Aug. 1 (Bloomberg) -- Banco Espirito Santo SA shares were suspended by Portugal’s securities regulator after they dropped as much as 50 percent in Lisbon.
The stock was trading down 40 percent at 12 euro cents before the CMVM suspended trading at 3:42 p.m. local time. The decline followed yesterday’s 42 percent slump.
The lender was yesterday ordered to raise capital after posting a 3.6 billion-euro ($4.8 billion) first-half net loss after it had to set aside money to cover souring loans to other members of the Espirito Santo Group. The Bank of Portugal is in talks over a capital injection involving both government and private investors, Jornal de Negocios reported today, without saying how it obtained the information.
The 4.25 billion-euro provision cut Banco Espirito Santo’s common equity Tier 1 ratio to 5 percent, less than the 7 percent regulatory minimum, according to a statement July 30. The central bank is also probing the lender’s former managers and suspended executives in charge of audit, compliance and risk management.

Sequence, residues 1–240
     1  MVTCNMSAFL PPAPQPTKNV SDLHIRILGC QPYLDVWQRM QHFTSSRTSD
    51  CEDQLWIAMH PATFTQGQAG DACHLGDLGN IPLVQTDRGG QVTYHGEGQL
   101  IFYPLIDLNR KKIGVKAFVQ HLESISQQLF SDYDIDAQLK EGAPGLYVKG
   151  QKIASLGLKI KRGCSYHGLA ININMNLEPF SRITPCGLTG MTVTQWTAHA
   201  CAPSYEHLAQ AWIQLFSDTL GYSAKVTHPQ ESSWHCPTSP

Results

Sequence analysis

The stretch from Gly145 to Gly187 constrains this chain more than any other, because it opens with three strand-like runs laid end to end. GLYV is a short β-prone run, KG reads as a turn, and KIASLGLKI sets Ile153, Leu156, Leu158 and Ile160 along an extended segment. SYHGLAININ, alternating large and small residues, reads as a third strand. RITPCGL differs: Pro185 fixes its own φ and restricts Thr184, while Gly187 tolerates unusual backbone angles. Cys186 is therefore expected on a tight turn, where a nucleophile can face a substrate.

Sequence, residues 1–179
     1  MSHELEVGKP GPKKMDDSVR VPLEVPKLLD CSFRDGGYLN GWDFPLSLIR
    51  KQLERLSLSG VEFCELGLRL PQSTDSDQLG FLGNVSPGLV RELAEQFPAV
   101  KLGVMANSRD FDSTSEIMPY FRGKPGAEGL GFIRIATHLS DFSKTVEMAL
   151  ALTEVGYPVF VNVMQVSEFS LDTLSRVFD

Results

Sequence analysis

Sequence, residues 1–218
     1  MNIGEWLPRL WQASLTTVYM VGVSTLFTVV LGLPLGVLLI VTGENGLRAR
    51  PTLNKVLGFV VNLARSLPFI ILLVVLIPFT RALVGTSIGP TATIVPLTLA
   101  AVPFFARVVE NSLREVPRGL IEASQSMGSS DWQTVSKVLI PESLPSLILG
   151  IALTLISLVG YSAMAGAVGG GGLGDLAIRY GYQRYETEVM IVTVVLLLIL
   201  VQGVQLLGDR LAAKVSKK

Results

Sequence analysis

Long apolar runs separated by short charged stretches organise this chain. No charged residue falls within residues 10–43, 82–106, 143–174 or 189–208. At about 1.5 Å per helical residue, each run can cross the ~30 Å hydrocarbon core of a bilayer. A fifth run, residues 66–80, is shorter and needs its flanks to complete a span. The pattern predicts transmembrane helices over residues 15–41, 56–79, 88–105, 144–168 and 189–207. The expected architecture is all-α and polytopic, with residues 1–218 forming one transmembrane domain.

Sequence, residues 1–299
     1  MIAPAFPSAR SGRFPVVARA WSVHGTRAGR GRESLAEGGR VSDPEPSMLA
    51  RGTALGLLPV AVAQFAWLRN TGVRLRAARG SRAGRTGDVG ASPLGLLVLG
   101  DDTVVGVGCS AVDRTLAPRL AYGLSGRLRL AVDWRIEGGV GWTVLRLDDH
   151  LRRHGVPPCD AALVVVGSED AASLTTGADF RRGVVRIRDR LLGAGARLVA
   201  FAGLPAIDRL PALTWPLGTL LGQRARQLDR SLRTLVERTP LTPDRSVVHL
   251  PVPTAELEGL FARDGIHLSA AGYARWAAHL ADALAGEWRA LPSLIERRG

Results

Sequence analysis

The Bank of Portugal considers it’s desirable that Banco Espirito Santo increases its capital only by resorting to the market, but is already working on a solution that combines public and private funds, Jornal de Negocios reported today, without saying how it obtained the information.
Banco Espirito Santo’s 750 million euros of 7.125 percent subordinated bonds due 2023 plunged 18 cents on the euro to 36.3 cents, a record. The bonds would be vulnerable to being exchanged for equity if the government were forced to invest in the bank.
An official at the Finance Ministry declined to comment and press officers at Banco Espirito Santo weren’t immediately available.
--With assistance from Henrique Almeida in Lisbon and John Glover in London.